Serum testosterone was 0.39 ng/mL (normal- 3-12 ng/mL, no rise after human chorionic gonadotropin stimulation), progesterone - 0.74 ng/mL (normal - 0.13-1.26 ng/mL), dehydroepiandrosterone (DHEA) 527.22 μg/dL (normal - 133-440 μg/dL), 17-OHP 236.84 ng/mL (normal = <200 ng/mL), 17α-hydroxypregnenolone (Δ5 17-OHP) was 1160 ng/dL (normal < 10 ng/dL), serum androstenedione was >1000 ng/dL (90-460 ng/dL), morning cortisol 4.28 μg/dL (normal - 5-25 μg/dL), ACTH 52.16 pg/mL (reference value: 0-46 pg/mL). The Δ5 17-OHP/cortisol relation was 271, that is, above the proposed criteria for 3β-HSD deficiency diagnosis (≥94). Subsequently, the patient fully recovered and has shown normal weight and height gain and psychomotor development suitable for age.
Karyotype revealed 46XX genotype [Figure 2]. Abdominal imaging revealed streaky testes in labioscrotal folds, normal adrenals, and absence of mullerian structures or ovaries. To confirm 3β-HSD deficiency, we sequenced the HSD3B2 gene in the patient and family. Molecular analysis of the HSD3B2 gene from the affected case revealed the presence of the homozygous p.P222Q mutation, whereas his parents were heterozygous for it.
The baby was treated with fludrocortisone (100 mcg) and T. hydrocortisone 5 mg (1/4 th qid) and extra salt in feeds. The baby was also started on calcium gluconate and bicarbonate infusion for hyperkalemia. After 5 days of therapy, serum electrolytes were normal; the baby had no vomiting and had started putting on weight. Baby was discharged on hydrocortisone, fludrocortisone, and nutritional supplements of multi-vitamin syrup and syrup Vitamin D 400 IU per day.
On follow-up, 2 months later, vomiting has subsided, and the baby has adequate weight gain. Parents have been counseled about the sex. Surgical correction accordingly for the external genitalia has been advised, and the patient has been referred to the pediatric surgeon for the same.
| Discussion|| |
DSD are uncommon, but not rare. DSDs occur because of aberrations in balance of hormonal milieu, metabolic causes and chromosomal abnormalities. , About 2% of live births do have mild undervirilization in males or masculinization in females.  Ambiguous genitalia occurs with an incidence of 1 per 50,000-70,000.  Ambiguous genitalia is uncommon in a primary care pediatrician's practice, but their diagnosis and prompt treatment require urgent medical attention. Quickly establishing a definitive diagnosis and appropriate treatment plan will minimize medical, social, and psychological complications.
One of the most common cause of DSD with a salt-losing variety of ambiguous genitalia is CAH due to deficiency of 21-hydroxylase. HSD3B2 deficient CAH is an uncommon variant of CAH. It results from a mutation in the gene for one of the key enzymes in cortisol synthesis by the adrenal gland, HSD3B2. ,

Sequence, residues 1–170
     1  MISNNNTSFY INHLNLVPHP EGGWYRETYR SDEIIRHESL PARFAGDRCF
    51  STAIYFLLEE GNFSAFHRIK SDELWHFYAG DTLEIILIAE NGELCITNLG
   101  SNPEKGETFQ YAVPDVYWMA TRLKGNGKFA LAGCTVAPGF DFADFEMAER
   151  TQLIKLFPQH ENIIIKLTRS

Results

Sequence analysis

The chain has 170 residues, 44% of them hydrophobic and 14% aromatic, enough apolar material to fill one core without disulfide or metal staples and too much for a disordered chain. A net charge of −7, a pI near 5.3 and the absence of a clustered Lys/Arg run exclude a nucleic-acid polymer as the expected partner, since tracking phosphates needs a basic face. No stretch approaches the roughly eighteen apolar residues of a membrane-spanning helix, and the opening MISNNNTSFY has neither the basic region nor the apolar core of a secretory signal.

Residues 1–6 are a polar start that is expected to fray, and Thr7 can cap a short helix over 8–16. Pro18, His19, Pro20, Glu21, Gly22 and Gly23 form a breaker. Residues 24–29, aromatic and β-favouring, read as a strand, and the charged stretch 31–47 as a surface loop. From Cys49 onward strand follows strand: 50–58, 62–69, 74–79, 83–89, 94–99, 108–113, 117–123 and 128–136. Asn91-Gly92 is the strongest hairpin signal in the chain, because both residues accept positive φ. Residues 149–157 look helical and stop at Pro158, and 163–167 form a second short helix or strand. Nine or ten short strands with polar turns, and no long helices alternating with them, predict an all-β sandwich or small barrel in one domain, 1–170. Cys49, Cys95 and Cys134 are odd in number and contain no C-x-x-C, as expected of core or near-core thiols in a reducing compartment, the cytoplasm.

Like the other forms of CAH, suspicion of severe 3β-HSD CAH is usually raised by the appearance of ambiguous genitalia at birth or by the development of a salt-wasting crisis in the early part of life. The diagnosis is usually confirmed by the distinctive pattern of adrenal steroids: Elevated pregnenolone, 17-hydroxypregnenolone, DHEA, and renin. In clinical circumstances, this form of CAH has sometimes been difficult to distinguish from the more common 21-hydroxylase deficient CAH because of the 17-OHP elevation, or from simple premature adrenarche because of the DHEA elevation.
There is a wide spectrum of clinical presentations of 3β-HSD CAH, from mild to severe forms. The uncommon severe form, as in our case results from a complete loss of enzymatic activity and manifests itself in infancy as salt wasting due to the loss of mineralocorticoids.  This form of primary hypoadrenalism is the only form of CAH that can cause ambiguous genitalia in both genetic sexes.
The clinical diagnosis of 3β-HSD deficiency, in this case, was confirmed by the identification of the p.P222Q homozygous inactivating mutation in the HSD3B2 gene. Several mutations, including frameshift, nonsense, in-frame deletions, splicing, and missense mutation, have been described in the HSD3B2 gene in patients suffering from classical 3β-HSD deficiency. 
The diagnosis of ambiguous genitalia in a newborn infant is an emergency that can be difficult to manage, not only because of salt-wasting emergencies but also due to the importance of gender assignment.  Early, correct and complete diagnosis of DSD will provide the patient and family with a better understanding of the disorder. Genital reconstruction is necessary for the majority of patients with ambiguous genitalia, after the multidisciplinary team, in conjunction with the family, have decided on the appropriate gender assignment. 
A multidisciplinary approach but individualization of each case involving the obstetrician, neonatologist, pediatric surgeon, pediatric endocrinologist, geneticist, psychologist, and a social worker has to be done. To conclude, management of DSDs is a great challenge in our Indian population and requires expeditious workup, proper counseling, and appropriate assignment of sex. 
| Acknowledgments|| |
We wish to thank the Department of Endocrinology and Paediatric Surgery, Base Hospital, Delhi Cantt, New Delhi, India for their outstanding assistance.
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[Figure 1], [Figure 2]